A new life of CLR James



I am grateful to Christian Hogsbjerg for giving me a copy of his account of CLR James’ emergence as a writer in the conditions of 1930s Britain (Duke UP, £16.03). It is a compelling book, of the right length for its material (280 pages), which sheds significant light on three aspects of James’ development, first his debt to revolutionary Nelson, second the impact of cricket on his Marxism, third, his (re)discovery of Toussaint L’Ouverture.

James himself stated repeatedly that he learned his revolutionary politics among the Lancashire weavers, and in particular in the small town of Nelson, to which he travelled in 1932 as Learie Constantine’s ghost-writer. Hogsbjerg tracks down details of James’s career as a visiting member of Nelson’s second XI. He finds examples of Nelson being described as a Little Moscow in the 1920s. He locates the source of James’ copy of Trotsky’s History of the Russian Revolution – loaned by a fellow bibliophile Fred Cartmell. He vividly portrays the almost insurrectionary 1931-2 “More Looms” cotton strike, the immediate prelude to James’ arrival in the town. And he finds notes of James’ meetings for the ILP branch in Nelson.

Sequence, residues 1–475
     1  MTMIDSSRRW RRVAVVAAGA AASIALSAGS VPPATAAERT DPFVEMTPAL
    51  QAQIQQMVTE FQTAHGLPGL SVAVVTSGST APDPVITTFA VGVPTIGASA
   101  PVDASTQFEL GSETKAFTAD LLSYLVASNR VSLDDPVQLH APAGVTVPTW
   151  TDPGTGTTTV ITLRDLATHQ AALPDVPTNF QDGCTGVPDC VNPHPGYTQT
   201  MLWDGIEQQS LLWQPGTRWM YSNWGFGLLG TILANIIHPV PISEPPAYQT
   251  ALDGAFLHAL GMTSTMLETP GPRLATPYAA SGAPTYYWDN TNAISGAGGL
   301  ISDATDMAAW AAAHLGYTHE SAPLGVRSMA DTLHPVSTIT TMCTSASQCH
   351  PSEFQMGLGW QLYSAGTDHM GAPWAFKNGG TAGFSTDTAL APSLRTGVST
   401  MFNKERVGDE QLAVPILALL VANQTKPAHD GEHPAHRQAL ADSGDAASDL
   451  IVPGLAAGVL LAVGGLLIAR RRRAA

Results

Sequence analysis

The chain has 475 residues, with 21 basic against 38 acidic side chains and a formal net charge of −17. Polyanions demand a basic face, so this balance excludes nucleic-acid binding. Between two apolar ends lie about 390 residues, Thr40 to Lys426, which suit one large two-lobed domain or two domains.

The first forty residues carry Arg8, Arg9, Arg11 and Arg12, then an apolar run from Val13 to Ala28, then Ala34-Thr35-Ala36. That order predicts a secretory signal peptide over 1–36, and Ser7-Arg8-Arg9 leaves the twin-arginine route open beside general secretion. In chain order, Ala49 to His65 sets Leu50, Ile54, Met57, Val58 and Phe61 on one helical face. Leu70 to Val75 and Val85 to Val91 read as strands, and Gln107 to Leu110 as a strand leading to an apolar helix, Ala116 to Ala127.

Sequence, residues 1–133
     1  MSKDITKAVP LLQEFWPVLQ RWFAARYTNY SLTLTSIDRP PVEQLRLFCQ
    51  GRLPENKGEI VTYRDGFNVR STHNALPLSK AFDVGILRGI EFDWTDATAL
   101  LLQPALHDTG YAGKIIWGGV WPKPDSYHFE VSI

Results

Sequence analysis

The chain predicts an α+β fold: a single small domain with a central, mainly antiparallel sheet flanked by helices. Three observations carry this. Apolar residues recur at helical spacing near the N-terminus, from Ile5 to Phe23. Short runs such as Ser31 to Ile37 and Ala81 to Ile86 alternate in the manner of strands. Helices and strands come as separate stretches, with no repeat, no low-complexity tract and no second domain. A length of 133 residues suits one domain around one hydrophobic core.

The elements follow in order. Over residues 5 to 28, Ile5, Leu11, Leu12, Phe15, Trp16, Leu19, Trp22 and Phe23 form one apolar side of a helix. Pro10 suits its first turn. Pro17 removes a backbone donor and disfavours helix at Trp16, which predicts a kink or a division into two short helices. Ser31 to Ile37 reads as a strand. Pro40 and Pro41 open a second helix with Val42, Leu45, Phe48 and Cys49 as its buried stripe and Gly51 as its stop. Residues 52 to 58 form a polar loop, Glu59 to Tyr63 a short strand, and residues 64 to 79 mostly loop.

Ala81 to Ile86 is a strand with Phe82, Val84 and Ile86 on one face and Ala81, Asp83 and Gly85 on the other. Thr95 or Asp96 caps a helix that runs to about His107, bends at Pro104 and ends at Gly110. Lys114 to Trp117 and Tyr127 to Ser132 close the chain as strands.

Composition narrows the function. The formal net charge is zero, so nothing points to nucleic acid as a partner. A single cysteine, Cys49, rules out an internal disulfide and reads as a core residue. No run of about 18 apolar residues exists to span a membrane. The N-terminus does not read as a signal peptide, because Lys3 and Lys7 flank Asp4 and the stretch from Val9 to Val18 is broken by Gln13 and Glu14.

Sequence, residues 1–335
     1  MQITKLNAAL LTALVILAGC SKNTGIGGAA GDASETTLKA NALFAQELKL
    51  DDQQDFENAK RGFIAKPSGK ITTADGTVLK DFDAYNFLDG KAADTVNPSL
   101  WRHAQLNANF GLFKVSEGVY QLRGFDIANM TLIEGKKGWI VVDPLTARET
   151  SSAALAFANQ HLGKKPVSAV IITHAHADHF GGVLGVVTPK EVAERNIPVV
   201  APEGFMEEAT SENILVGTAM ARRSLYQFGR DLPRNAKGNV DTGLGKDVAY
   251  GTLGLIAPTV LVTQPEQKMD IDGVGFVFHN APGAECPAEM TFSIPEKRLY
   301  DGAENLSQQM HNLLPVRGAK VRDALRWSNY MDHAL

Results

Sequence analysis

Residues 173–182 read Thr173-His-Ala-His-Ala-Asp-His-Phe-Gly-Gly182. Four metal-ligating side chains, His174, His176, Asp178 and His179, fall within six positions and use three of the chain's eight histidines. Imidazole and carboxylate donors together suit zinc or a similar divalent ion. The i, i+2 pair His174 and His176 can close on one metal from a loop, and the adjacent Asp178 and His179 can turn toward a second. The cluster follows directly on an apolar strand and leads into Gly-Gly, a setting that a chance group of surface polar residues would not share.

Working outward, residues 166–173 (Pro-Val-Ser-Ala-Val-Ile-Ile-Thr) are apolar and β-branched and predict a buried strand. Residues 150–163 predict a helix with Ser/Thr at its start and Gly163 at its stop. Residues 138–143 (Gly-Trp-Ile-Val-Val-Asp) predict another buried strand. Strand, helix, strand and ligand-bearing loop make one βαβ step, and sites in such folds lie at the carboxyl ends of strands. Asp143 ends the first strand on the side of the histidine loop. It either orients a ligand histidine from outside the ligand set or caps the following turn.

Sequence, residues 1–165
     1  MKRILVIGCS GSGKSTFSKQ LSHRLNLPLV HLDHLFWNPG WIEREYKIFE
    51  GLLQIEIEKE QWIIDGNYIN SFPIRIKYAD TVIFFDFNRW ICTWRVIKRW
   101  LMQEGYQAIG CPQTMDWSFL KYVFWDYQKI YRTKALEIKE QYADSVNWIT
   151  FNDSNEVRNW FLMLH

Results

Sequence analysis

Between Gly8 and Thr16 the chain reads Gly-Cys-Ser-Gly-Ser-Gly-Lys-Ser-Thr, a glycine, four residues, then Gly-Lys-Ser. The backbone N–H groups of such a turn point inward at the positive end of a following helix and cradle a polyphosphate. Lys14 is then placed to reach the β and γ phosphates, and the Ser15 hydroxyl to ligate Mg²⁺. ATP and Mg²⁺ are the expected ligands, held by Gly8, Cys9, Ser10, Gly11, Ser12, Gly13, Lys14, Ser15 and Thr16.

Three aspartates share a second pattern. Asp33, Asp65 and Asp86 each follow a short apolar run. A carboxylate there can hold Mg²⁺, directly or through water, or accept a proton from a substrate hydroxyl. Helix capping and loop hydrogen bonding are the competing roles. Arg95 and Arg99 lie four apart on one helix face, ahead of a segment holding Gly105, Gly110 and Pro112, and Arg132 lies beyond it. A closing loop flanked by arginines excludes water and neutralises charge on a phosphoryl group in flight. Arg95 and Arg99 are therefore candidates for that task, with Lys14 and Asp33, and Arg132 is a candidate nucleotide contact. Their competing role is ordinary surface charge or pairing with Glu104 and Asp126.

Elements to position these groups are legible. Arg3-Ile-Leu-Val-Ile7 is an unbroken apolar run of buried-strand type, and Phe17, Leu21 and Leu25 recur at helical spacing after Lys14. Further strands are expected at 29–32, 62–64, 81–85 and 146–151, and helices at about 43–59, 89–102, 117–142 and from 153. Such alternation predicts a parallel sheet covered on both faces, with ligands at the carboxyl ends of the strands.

Hogsbjerg revisits James’ appointment as Neville Cardus’ deputy on the cricket page of the Manchester Guardian. He places the 1933 West Indies’ cricket tour of England – James’ first major assignment – within the immediate context of the preceding ‘Bodyline’ Ashes and a hypocritical scare that the Windies might now attempt leg theory against England. He follows James’ rejection of Donald Bradman – not a builder of social movement but a mere accumulator of runs. And he digs out a later piece in which James attempted to explain bodyline in terms of the ides to be found in Spengler’s Decline of the West (another book loaned by Cartmell): “it was the violence and ferocity of our age expressing itself in cricket”.